CBC Picks Stockholm Syndrome as One of the Best Crime Novels of the Season, Free Unfeeling Doctor Audio Book, and Jewish Noir Nominated for Anthony Award


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First the most jaw-dropping news, to me. CBC Radio picked STOCKHOLM SYNDROME as one of their best crime books of the season.
Yup, for summer 2016, Dr. P.K. Rangachari, mystery novel enthusiast and professor in the faculty of medicine at McMaster University, told Shelagh Rogers, the mystery panel, The Next Chapter audience, and basically the planet that they should read my thriller about a hostage-taking on the obstetrics ward, where Dr. Hope Sze has to deliver a baby and get everyone out alive.
So why do I pair this news with a picture of me and Max in a helmet? Well, zip lining is not a bad metaphor for writing.
IMG_7485“What happened to you?” said a nurse last week, pointing at a purple and yellow bruise on my arm, just beneath my scrub sleeve.
I glanced at it and smiled fondly. “Oh. I went zip lining with my son’s grade four class.”

I’d gone zip lining before, in Costa Rica. Truthfully, my favourite part was climbing up the ladder and the guide saying to my husband, “Is this your wife?” and giving me an approving look. I also loved the toucan in the trees that had another guide yelling, “Toucan! Toucan!” and pointing, so that an oblivious tourist forgot to brake and crashed into the trees.
My least favourite part was that this was part of a possible horse riding/mountain hiking combination package, and another tourist complained, loudly, “I can’t believe they have horse manure! They should put up signs to warn us!”

That’s writing at first. Fun. Lots of adrenaline. Highs and lows. Can be expensive if you throw money into it. Surrounded by people who don’t want to do the work, crave easy success, and are utterly outraged they’re surrounded by feces.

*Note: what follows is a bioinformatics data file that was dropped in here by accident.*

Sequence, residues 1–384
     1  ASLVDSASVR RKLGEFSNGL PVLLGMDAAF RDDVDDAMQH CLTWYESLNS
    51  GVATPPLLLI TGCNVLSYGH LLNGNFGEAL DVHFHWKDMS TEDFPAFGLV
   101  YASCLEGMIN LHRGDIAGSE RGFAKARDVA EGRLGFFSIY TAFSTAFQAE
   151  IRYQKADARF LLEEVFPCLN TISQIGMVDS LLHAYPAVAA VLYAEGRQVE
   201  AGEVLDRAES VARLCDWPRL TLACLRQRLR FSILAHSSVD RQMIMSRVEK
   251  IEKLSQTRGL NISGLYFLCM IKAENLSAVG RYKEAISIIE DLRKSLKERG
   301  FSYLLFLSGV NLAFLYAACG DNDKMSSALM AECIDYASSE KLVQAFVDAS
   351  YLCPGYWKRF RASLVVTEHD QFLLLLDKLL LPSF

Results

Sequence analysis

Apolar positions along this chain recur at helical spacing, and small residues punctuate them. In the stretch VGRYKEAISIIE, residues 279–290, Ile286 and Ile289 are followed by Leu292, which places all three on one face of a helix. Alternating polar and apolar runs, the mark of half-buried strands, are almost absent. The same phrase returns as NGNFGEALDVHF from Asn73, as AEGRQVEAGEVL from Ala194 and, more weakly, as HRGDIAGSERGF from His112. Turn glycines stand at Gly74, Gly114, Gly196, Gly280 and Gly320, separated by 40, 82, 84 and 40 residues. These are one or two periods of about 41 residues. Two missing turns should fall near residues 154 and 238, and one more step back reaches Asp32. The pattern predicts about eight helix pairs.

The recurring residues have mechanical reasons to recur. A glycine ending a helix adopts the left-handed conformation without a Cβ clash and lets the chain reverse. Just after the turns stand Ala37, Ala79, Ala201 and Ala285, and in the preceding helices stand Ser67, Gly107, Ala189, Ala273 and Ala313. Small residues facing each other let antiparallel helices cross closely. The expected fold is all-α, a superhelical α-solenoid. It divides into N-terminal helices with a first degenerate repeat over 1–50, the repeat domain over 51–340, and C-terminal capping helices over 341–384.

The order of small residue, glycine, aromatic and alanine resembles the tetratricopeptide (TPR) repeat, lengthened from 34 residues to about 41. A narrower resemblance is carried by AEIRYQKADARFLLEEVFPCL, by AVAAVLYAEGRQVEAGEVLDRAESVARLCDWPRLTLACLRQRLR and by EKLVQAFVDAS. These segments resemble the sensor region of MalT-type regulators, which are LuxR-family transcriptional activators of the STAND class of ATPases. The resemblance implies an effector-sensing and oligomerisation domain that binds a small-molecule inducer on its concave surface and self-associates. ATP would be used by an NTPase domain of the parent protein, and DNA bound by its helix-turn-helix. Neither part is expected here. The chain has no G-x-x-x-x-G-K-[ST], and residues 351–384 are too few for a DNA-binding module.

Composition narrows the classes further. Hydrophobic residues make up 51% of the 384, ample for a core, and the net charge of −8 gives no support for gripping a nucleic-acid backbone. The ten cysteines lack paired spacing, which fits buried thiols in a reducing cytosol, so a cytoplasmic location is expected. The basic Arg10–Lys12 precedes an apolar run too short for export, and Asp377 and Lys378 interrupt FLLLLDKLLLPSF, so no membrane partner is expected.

IMG_7497Zip lining at Arbraska was harder. First of all, because safety regulations are so much stricter in Canada, we had to clip on carabiners all the time, even climbing up a ladder. There were fewer guides, since labour costs more and at least two schools had taken over the camp. And I was trying to keep an eye on a bunch of ten-year-olds, while not just pleasantly zipping from station to station, but also swinging on logs on chains, crossing rope bridges, crawling through tunnels, and so forth.
That’s what writing is like now. I’m conscious of how I’ve had to climb up one foot at a time. How, if I decided to take a leap, I have a whole family I’d potentially have to catch. But I’m also taking some risks and reaping some rewards.

CBC Next Chapter Stockholm Syndrome cropped Screenshot 2016-06-20 13.36.27 copy

Click to buy.

Click to buy.

I told you the big one: I’ve yearned for an interview with Shelagh Rogers ever since I was living in a windowless, TV, and Internet-free basement in my first year of Arts & Science at McMaster University. CBC Radio saved my brain. So, okay, I haven’t gotten an official interview yet. But my name has now appeared on her show, Melissa Yi (Canada) alongside Michael Robotham (Australia), Andrew Taylor (Britain), Sally Andrew (South Africa), L.S. Hilton (Britain), Steve Burrows (Canada), Naomi Hirahara (USA), Esmahan Aykol (Germany & Turkey), Belinda Bauer (England & South Africa), Sally Andrew (South Africa), Barbara Nadel (England), Dan Fesperman (USA), Craig Johnson (USA), Val MacDermid (Scotland), Adrian McKinty (Ireland).
I mention everyone’s countries because Shelagh asked if any of us were Canadian, and I was curious enough to look up the answer: only two of us. We are truly competing internationally, folks, when the CBC selects a few books as the best of 2016, and only 14 percent are homegrown. I’m not complaining, but nowadays, when you want to get noticed, you have to be the best in the world.

If you listen to the interview, STOCKHOLM SYNDROME is at 11:42.
So that’s me climbing to the eagle’s nest and zipping my way down, screaming in victory.

In celebration, all Hope e-books are now on sale. CODE BLUES is only $2.99 (50% off) and the other books are $3.99 (33% off) for a limited time only.

Code Blues EBOOK cover 2015 derringer kris storybundleNotorious POD SHOE front 5x8 brighter 2016-300TerminallyJUTOH ebook cover 2014
Italian Assassins cover POD front-FINAL with YI and skullyoga cover NEW octavia ganesha 6x9 with SKULLAlready read the Hope books? Meet Octavia Ling, Ottawa public servant by day, who celebrates her birthday by trying out THE ITALIAN SCHOOL FOR ASSASSINS. When her roommate gets murdered, assassin school turns all too real. On sale for 99 cents (a whopping 84% off) for a super-short time!